Taking care of your motorhome, whether it’s a new or used motorhome, starts with the chassis and engine. Without the proper engine maintenance, you aren’t going anywhere – even if the rest of your RV is immaculate.
It might be easy to overlook, but your motorhome’s fuel filter plays an important role in keeping your RV on the road and the engine running efficiently. Let’s take a look at the fuel filter and some things you should know about it.
What Purpose Does a Motorhome Fuel Filter Serve?
Your motorhome’s fuel filter catches dirt or debris before it can enter the fuel system. Some contaminants will simply reduce your fuel economy, while others can permanently damage your engine.
Your engine’s injectors are built to very tiny tolerances. This means that even the littlest bit of dirt or grime can clog them. The fuel filter keeps those injectors clean, allowing them to do their job and keep your engine running strong.
As you can imagine, fuel filters don’t last forever. Over time, they collect all the contaminants they keep out of your fuel system. If you don’t replace your fuel filter regularly, it becomes clogged, and contaminants may begin to bypass the filter and enter your fuel system.
That’s why changing your fuel filter according to the manufacturer’s recommendation is important.
Here are the main parts of a motorhome fuel filter:
- The Base Plate is where the filter meets your motorhome’s mounting assembly. It prevents leaks, maintains pressure, and allows for easy installation.
- The End Cap supports and holds the filter media. It attaches to the media using an adhesive and also prevents leaks.
- The Center Tube is usually made of steel and supports filtration, preventing it from collapsing inward while acting as an outlet for filtered fuel.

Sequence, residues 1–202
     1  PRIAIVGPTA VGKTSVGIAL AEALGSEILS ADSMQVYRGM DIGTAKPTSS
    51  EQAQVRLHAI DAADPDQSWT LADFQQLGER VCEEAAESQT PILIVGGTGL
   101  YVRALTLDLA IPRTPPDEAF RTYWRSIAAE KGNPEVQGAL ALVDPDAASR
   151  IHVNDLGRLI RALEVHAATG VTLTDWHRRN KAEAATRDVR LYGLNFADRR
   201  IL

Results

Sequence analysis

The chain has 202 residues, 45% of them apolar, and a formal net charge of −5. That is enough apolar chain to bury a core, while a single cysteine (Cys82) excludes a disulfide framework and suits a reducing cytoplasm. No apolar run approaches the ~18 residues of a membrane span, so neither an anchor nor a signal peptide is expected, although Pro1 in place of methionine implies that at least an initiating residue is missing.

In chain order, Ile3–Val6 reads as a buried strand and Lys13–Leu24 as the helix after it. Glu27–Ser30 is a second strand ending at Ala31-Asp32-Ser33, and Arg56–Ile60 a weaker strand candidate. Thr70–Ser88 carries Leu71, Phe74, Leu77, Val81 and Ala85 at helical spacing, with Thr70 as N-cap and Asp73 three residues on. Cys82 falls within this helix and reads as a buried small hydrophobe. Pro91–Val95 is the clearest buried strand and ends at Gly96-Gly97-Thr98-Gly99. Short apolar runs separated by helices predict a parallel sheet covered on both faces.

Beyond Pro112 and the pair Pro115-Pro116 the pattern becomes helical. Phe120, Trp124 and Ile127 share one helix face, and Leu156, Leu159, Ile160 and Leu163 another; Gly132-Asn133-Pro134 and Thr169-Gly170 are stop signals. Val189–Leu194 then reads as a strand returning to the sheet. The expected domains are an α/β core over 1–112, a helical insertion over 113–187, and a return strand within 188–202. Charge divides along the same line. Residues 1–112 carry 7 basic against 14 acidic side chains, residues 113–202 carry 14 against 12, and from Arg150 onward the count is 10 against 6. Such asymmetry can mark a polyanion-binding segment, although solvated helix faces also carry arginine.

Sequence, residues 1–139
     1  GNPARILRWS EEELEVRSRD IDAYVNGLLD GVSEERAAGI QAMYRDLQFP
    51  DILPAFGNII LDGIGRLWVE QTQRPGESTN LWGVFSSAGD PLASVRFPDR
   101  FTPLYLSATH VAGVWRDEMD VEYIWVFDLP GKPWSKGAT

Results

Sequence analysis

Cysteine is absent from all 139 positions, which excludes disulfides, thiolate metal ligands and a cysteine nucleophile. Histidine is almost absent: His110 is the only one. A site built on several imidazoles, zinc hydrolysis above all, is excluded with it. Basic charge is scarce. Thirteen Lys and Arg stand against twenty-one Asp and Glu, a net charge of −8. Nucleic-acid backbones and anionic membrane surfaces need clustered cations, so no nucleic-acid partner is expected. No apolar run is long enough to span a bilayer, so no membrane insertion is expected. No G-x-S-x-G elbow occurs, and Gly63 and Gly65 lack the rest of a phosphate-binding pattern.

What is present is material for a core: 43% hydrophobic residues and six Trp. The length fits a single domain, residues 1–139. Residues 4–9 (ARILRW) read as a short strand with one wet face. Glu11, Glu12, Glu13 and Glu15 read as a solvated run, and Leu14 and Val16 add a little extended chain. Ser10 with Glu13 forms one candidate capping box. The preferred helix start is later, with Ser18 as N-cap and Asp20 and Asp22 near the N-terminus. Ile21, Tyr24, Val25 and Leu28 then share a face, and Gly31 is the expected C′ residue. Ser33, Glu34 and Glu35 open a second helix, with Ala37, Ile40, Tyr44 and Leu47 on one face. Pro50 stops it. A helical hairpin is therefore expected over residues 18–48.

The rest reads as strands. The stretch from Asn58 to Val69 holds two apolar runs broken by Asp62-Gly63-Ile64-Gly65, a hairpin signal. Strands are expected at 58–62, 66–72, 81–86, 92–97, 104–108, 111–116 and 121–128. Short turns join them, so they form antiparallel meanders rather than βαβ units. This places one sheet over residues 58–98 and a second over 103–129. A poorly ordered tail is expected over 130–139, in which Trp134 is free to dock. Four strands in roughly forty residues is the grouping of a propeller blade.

- The Filter Media is usually a cellulose or synthetic material that captures particulates and is typically pleated for more filtration surface area.
- The Compression Spring provides the force that holds the internal components in place throughout differential pressures.
- The Drain Valve, when present, allows fuel to bypass the filter media when the filtration media is too clogged to allow fuel to pass through.
- The Water Sensor on diesel fuel filters sends a signal to the RV’s dashboard when the water in the filter reaches a critical threshold. This signal tells the driver it’s time to drain water from the filter.
- The Canister is the housing that protects all the internal components. It’s usually made from steel and is designed to contain the pressure inside and prevent the filter from bursting.
Do All Motorhomes Have a Fuel Filter?
You’ll find fuel filters on gas and diesel motorhomes, but they work slightly differently. Gasoline fuel filters generally have a single filtration medium that removes dirt and debris.
Diesel fuel typically includes more impurities than regular gasoline. So diesel fuel filters usually include two filtration mediums: one to remove larger debris and water, the other to remove finer particles.
The major difference is that diesel fuel filters remove water, and gasoline fuel filters do not.
How Often Do You Need a Motorhome Fuel Filter Replacement?
You should change your fuel filter regularly, according to the manufacturer’s recommendation. Most manufacturers recommend replacing your fuel filter every 20,000 to 40,000 miles or at least every two years.